Monday, June 29, 2009

Links for a Monday

**Dan Hartland writes about Vandana Singh's and Ian McDonald's work for Strange Horizons.

**On the 40th anniversary of Stonewall, the Fort Worth Texas police raided a gay bar, resulting in the arrests of seven people (for "public intoxication") and the hospitalization of one man with a brain injury inflicted by the police. 200 people turned out to demonstrate against this egregious police violence within 18 hours of the attack. Joel Burns, the city's first and only openly gay City Council member, noting the attack's occurrence on the anniversary of Stonewall, declared that “Unlike 40 years ago, though, the people of this community have elective representation that will make sure our government is accountable and that the rights of all its citizens are protected.” Read about it here.

**In Honduras, the police and military cut off electricity and the Internet (no Twitter there!) and imposed a curfew in the capital city, as citizens took to the streets to protest the overthrow of their constitutionally elected government by a military coup d'etat:

There is virtually no power or Internet in the Honduran capital in the wake of the coup d’etat. Electricity was gradually cut throughout the city, which is being overflown by war planes and helicopters. The few media outlets that continue to broadcast are only airing music.

The police have reportedly fired tear gas to disperse the growing crowds that have taken to the streets to protest.

There is also a blackout in some neighbourhoods in San Pedro Sula, the second largest city in this Central American nation.

Reuters reports that

On Sunday shots were fired, apparently into the air, near barricades of chain link fences and downed billboards erected by the protesters to block off the presidential palace. Some demonstrators were masked and wielding sticks.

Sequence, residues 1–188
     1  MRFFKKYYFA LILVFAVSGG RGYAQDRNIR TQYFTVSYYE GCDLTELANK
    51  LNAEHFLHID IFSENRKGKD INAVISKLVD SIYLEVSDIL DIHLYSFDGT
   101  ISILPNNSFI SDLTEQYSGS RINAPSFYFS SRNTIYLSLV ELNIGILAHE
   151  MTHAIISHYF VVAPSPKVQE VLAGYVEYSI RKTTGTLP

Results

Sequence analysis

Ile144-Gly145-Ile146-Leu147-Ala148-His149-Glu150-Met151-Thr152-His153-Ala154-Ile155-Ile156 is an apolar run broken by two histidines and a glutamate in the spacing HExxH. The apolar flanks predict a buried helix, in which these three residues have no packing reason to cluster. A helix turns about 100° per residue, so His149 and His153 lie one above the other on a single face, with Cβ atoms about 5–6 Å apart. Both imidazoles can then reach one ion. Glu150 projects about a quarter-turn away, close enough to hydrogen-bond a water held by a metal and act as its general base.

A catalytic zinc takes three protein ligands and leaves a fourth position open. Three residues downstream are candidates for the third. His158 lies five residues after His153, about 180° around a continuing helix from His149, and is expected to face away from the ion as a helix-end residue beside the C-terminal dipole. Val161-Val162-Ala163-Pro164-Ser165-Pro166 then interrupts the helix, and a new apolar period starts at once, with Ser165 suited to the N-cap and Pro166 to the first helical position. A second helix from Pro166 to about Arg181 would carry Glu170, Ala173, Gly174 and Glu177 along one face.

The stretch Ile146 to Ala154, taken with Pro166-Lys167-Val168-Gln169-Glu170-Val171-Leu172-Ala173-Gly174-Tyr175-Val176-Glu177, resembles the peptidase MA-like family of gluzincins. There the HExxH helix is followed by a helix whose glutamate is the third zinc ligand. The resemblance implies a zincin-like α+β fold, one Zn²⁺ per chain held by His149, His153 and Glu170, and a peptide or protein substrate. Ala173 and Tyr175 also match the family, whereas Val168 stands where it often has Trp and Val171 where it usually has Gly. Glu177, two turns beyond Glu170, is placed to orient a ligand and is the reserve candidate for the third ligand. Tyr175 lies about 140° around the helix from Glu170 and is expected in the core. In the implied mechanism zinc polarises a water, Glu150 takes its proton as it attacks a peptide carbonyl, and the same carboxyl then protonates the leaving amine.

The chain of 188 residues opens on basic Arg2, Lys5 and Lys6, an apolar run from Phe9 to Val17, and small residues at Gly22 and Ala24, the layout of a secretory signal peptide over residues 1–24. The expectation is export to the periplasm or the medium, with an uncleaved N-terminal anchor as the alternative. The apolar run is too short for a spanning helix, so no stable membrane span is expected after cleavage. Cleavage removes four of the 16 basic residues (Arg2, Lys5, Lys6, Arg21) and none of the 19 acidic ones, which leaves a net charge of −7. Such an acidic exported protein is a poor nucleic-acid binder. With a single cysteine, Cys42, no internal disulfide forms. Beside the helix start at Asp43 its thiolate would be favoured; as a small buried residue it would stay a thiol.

Troops in full fatigues with automatic weapons lined the inside of the fenced-off presidential palace. Some covered their faces with riot gear shields as protesters taunted them, and a tank sat nearby, its cannon facing the crowd.

Honduras, an impoverished coffee, textile and banana exporter with a population of 7 million, had been politically stable since the end of military rule in the early 1980s.

Apparently the overthrown president of Honduras, Manuel Zelaya, had attempted to fire the chief of the armed forces, and the Supreme Court had as a result authorized(???) the overthrow of the president. More details here and here.

Jeremy Scahill reflects on the coup, taking note of US associations and connections of its conspirators, particularly with the infamous School of the Americas and the certainty that the US Government knew it was coming. At the Nation, John Nichols notes Secretary of State Hillary Clinton's "reasonably muscular condemnation" of the coup and the Wall Street Journal's suggestion that the Obama Administration worked (unsuccessfully) behind the scenes to avert it. But Nichols then quotes Roberto Lovato, an expert on US relations with Latin America, who considers "expressions of concern" insufficient:

President Obama and the U.S. can actually do something about a military crackdown that our tax dollars are helping pay for. That Vasquez and other coup leaders were trained at the WHINSEC, which also trained Augusto Pinochet and other military dictators responsible for the deaths, disappearances, tortures of hundreds of thousands in Latin America, sends profound chills throughout a region still trying to overcome decades U.S.-backed militarism.

Hemispheric concerns about the coup were expressed in the rapid, historic and almost universal condemnation of the plot by almost all Latin American governments. Such concerns in the region represent an opportunity for the United States. But, while the Honduran coup represents a major opportunity for Obama to make real his recent and repeated calls for a "new" relationship to the Americas, failure to take actions that send a rapid and unequivocal denunciation of the coup will be devastating to the Honduran people -- and to the still-fragile U.S. image in the region.

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